Nanotechnology Center for Mechanics in Regenerative Medicine
The Nanotechnology Center for Mechanics in Regenerative Medicine has focused on the mechanisms by which nanoscale changes in cellular environment alter cell fate in health and disease. Several principles are emerging: 1. The stretching of proteins provides a primary cue for force-induced signaling. 2. Immune synapse formation involves mechanically directed molecular sorting. 3. Membrane geometry and cell shape play a major role in the signals that the cell generates at membrane-bound adhesion complexes 4. Organizing large multiprotein networks into functional modules can be performed with a new algorithm capable of sorting functionally meaningful proteins and pathways in the adhesome network. 5. Extracellular matrix deposition and mechanical stretching can alter the fate and behavior of attached cells.
Integration of nanoscale technologies, combined with cell biology and computational modeling has provided new quantitative insights into environmental regulation of cell function. These advances were made possible by the interaction of Center members working toward the common goal of understanding important aspects of cellular mechanics at the nanometer scale. The tools that have been created are now ready to be applied to the engineering of specialized environments for directing growth, differentiation and fate of immune cells, fibroblasts and stem cells.
Recent publications and meetings have highlighted the importance of a finely-tuned combination of physical and biochemical factors in tissue regeneration, cancer and a variety of diseases. In cancer, for example, there is evidence that the metastatic seed cells have a greater probability of growing in the right tissue environment, and that physical factors co-regulate their proliferation and differentiation. A similar impact of physical factors has been described for stem cells.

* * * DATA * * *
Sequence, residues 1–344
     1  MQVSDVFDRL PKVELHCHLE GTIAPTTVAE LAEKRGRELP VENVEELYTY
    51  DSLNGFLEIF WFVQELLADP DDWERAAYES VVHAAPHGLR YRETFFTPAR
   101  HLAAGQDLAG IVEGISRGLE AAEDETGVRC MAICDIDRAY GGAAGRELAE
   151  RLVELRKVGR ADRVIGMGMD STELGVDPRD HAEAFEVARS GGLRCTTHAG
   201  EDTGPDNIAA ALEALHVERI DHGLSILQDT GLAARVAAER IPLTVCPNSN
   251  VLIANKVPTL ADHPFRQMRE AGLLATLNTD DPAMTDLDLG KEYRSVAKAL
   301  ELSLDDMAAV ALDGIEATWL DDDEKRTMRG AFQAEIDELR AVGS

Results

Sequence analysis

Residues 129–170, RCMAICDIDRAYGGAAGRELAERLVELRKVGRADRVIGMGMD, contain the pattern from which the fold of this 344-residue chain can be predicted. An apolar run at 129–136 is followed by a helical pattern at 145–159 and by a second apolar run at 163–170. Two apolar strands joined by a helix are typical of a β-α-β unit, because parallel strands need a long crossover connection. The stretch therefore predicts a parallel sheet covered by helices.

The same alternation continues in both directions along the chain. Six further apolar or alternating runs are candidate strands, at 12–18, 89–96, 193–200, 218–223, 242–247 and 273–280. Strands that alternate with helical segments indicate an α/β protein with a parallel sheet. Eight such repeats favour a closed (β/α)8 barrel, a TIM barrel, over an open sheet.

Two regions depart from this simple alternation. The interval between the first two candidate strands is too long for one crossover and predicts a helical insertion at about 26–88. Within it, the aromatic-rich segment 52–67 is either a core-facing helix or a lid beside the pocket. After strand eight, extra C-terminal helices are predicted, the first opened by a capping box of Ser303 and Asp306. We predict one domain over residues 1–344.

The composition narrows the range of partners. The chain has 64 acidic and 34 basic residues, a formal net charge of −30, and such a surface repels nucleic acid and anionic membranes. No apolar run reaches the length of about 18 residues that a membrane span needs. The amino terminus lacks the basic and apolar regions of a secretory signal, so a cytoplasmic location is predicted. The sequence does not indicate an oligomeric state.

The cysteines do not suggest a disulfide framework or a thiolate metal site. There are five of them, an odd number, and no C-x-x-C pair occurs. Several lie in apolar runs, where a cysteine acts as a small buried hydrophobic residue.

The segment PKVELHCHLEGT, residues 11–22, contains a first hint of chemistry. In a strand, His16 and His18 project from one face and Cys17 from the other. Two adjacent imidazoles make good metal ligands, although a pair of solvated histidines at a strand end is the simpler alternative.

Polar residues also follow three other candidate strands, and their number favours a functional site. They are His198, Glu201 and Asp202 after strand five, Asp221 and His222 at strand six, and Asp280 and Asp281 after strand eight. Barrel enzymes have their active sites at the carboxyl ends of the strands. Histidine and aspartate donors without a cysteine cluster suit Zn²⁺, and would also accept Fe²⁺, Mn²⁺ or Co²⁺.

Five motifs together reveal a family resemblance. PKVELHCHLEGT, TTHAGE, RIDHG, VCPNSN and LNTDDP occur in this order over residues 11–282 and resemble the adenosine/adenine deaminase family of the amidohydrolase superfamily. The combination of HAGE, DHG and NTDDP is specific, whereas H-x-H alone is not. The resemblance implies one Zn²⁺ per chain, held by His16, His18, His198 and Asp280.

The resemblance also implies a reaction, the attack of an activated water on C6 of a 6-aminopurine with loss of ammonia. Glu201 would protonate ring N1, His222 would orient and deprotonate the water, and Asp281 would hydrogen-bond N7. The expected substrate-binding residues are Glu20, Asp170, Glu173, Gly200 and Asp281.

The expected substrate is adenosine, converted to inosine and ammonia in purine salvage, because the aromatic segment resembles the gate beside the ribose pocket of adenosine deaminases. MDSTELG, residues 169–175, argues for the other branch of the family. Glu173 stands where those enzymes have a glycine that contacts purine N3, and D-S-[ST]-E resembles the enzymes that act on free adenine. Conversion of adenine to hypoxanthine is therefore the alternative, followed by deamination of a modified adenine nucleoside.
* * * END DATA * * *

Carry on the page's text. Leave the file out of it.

An integrated interdisciplinary approach to understand how physical factors are sensed and produce appropriate responses over time to develop (regenerate) and maintain the proper tissue shape and function is urgently needed. The read-out of physical factors by cells needs a transduction machinery that operates synergistically with, yet in many aspects rather differently from, biochemically triggered cell signaling responses. Our goal is to discover and quantitatively describe the underlying mechanisms, from the molecular transduction mechanisms to coordination of coherent responses at the cellular level. A number of stereotypical cell motility processes were described that constitute subcellular modules. To measure and generate forces at the specific molecular-scale locations during these functions, a number of nanostructured devices were designed and built by a new high throughput process. Similarly, novel microscopy-based screening technologies were established for identifying genes involved in regulating cellular mechanics. Bioinformatics analyses of the many proteins involved in cytoskeleton, membrane and mechanosignaling provide important clues about interacting partners and RNAi screens for defects in rigidity sensing and matrix fiber deposition are providing targeted lists of proteins potentially involved in specific mechanical functions. New data gathering and analysis techniques enable rapid quantification of force, texture and geometry parameters that can be analyzed with new simulations. The convergence of these technologies offers novel tools for regulating cell activities and fate.
Nanoimprint lithography (NIL) has become a key ingredient in our preparation of surfaces for studying cellular behavior, allowing us to fabricate samples in far greater quantities (and far less time) than would be possible by direct-write electron beam lithography. All members of our nanofabrication team incorporate NIL into their fabrication schemes, and we have developed some new techniques and optimized others, making our NIL fabrication more robust and repeatable. We have developed processes for both shallow and deep (~ 10 μm) NIL; a new bilayer NIL resist scheme facilitates lift-off of metal patterns down to ~ 30 nm resolution; introduction of a new NIL template material, fluorinated diamond-like-carbon, enable easy separation of the template from the imprinted sample, a critical element of NIL; and a new self-aligned process allows us to routinely access sub-10 nm dimensions with NIL. In addition, we have developed new techniques for fabricating elastomeric surfaces with multi- and variable rigidity with micron-scale and nanometer-scale precision. These are critical to understanding the role of force transduction in cell function and behavior.